Aerotec Industries of Calif. et al., Appellant, v. Pacific Scientific Company, Appellee, 381 F.2d 795 (9th Cir. 1967)

Annotate this Case
U.S. Court of Appeals for the Ninth Circuit - 381 F.2d 795 (9th Cir. 1967) July 26, 1967
Rehearing Denied August 31, 1967

William Poms, Miketta, Glenny, Poms & Smith, Los Angeles, Cal., E. Seward Stevens, Litchfield, Conn., for appellant.

C. Russell Hale, D. Bruce Prout, Christie, Parker & Hale, Pasadena, Cal., for appellee.

Before BARNES, JERTBERG and DUNIWAY, Circuit Judges.

DUNIWAY, Circuit Judge:


This is an appeal from a judgment holding certain claims of appellee's patents valid and infringed. The patents are Pfankuch, No. 2,845,233, claims 7 and 9,1  and Cushman, No. 2,845,234, claims 1 and 5.2  We reverse.

Appellants' device is described in the Spielman patent, No. 2,982,492. Pfankuch was issued July 29, 1958, Cushman on the same day, Spielman on May 2, 1961. Strange to say, neither Pfankuch nor Cushman nor any of the prior art cited in either of them is cited as prior art in Spielman.

All three devices have the same stated objective, described in somewhat different ways in the introductory paragraphs in each patent. Typical is the following, from Pfankuch:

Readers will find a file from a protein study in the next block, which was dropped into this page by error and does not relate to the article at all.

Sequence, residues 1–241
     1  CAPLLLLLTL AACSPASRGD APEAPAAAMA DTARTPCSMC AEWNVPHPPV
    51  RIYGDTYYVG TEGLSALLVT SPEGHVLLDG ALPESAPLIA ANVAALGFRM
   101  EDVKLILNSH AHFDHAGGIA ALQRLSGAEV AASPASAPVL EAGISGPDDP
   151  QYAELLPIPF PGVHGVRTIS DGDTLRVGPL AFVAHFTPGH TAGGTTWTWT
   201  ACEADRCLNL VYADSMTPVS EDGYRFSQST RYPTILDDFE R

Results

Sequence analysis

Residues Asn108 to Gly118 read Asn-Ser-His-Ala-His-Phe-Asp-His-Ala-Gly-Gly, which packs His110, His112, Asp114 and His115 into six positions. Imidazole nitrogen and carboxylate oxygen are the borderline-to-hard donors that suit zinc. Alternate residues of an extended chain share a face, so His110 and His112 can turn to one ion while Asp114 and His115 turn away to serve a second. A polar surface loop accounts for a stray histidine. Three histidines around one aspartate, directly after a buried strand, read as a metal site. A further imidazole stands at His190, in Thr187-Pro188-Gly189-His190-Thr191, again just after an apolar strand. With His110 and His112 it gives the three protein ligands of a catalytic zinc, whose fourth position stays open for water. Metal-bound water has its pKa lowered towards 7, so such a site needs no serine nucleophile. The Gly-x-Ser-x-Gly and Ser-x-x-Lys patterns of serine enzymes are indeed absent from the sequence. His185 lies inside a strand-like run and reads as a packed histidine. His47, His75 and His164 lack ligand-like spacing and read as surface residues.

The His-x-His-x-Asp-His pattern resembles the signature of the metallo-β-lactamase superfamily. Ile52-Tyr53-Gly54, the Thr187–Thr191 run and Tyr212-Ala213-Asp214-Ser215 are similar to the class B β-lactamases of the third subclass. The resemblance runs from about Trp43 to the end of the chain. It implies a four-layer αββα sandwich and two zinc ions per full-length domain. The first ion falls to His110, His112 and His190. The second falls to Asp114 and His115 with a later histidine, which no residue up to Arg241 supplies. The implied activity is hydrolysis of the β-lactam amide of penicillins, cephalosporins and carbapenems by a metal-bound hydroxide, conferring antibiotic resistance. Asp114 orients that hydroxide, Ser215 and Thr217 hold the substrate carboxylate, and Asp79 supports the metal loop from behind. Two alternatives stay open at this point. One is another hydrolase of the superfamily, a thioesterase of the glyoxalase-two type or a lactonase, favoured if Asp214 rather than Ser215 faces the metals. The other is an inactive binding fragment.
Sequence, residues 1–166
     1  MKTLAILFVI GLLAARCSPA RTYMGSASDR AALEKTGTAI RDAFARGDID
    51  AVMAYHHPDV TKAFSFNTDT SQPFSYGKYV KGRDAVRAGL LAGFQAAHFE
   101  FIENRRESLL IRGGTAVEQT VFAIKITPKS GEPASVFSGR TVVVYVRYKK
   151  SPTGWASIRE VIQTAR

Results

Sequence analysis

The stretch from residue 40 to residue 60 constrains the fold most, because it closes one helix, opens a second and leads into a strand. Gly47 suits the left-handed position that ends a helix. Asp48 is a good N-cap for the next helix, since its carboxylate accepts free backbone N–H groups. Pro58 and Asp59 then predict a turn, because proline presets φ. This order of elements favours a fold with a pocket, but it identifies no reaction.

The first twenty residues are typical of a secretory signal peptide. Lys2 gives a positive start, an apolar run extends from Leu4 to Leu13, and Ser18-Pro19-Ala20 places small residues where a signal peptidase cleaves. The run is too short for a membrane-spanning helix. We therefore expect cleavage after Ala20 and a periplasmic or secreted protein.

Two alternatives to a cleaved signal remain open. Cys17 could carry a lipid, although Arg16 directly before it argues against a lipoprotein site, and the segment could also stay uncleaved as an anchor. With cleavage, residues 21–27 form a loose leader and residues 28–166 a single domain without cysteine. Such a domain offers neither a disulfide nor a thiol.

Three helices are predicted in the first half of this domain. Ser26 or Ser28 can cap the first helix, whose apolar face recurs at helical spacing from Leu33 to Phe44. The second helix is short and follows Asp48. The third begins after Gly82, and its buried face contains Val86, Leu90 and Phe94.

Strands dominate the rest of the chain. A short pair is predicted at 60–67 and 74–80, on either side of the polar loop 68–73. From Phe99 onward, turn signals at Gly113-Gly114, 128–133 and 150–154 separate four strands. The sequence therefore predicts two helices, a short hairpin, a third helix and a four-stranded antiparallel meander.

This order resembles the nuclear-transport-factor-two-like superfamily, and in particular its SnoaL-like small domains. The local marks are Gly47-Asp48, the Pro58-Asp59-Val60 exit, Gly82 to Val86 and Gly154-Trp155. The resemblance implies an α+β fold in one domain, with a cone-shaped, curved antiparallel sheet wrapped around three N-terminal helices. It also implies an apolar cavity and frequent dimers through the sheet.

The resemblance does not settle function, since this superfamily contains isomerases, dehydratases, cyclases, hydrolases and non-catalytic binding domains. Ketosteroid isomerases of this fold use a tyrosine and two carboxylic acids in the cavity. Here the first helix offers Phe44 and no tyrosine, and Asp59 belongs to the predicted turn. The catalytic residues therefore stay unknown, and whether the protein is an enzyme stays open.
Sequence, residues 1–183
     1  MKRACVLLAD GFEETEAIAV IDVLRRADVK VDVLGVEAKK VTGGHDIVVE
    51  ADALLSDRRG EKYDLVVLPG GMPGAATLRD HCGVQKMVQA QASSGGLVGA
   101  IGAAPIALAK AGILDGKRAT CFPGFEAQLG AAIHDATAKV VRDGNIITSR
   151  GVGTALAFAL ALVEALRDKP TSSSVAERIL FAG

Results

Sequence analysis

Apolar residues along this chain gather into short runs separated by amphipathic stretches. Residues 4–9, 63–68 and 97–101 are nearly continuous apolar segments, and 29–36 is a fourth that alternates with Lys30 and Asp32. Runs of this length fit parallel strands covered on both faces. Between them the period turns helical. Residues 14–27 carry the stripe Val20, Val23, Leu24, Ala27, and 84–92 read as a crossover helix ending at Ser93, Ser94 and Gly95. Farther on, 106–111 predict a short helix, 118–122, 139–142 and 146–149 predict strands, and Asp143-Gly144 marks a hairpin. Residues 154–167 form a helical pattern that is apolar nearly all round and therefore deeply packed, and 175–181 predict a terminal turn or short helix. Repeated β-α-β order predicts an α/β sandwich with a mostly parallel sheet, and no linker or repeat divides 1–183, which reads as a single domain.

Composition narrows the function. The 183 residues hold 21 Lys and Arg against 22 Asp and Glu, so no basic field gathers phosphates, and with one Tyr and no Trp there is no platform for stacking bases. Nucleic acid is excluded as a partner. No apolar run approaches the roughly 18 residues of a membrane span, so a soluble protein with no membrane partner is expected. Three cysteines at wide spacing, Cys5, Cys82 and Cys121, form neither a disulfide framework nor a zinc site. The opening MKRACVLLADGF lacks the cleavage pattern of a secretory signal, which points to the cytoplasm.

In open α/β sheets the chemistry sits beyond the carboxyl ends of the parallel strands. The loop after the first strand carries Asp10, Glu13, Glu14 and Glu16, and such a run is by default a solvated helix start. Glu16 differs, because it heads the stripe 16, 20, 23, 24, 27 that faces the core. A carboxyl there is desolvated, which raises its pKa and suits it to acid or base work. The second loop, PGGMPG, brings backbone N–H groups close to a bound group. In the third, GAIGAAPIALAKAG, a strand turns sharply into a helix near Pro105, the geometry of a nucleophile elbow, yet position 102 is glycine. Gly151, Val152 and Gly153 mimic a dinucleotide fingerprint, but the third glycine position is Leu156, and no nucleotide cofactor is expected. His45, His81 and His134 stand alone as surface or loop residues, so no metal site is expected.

"This invention relates, generally, to novel safety apparatus for use by pilots, operators, and other crew members, such as bombardiers, navigators, gunners, etc. of rapidly moving vehicles such as aircraft and automobiles, and more particularly, to novel inertia-operated apparatus for use with body harnesses which apparatus automatically functions to safely retain the pilots in their seats during crashes and the like.

"Safety apparatus of this type have been developed over the years and comprise devices for use in conjunction with a shoulder harness which permit movement of the shoulder harness and consequently movement of the upper portion of the pilot's body during normal motions of his craft but which automatically operate to restrict movement of the shoulder harness and pilot during abnormal or violent motions of the craft. These devices have taken the form of reels or drums with a cable wound thereon, the cable being secured to the shoulder harness. The cable is reeled off the drum in response to tension on the shoulder harness and rewound on the drum when the tension is removed. During abnormal motions of the craft, the device automatically operates to lock up the reel and prevent the cable from reeling out, thus restricting the movement of the shoulder harness."

The opening paragraphs of Spielman are strikingly similar.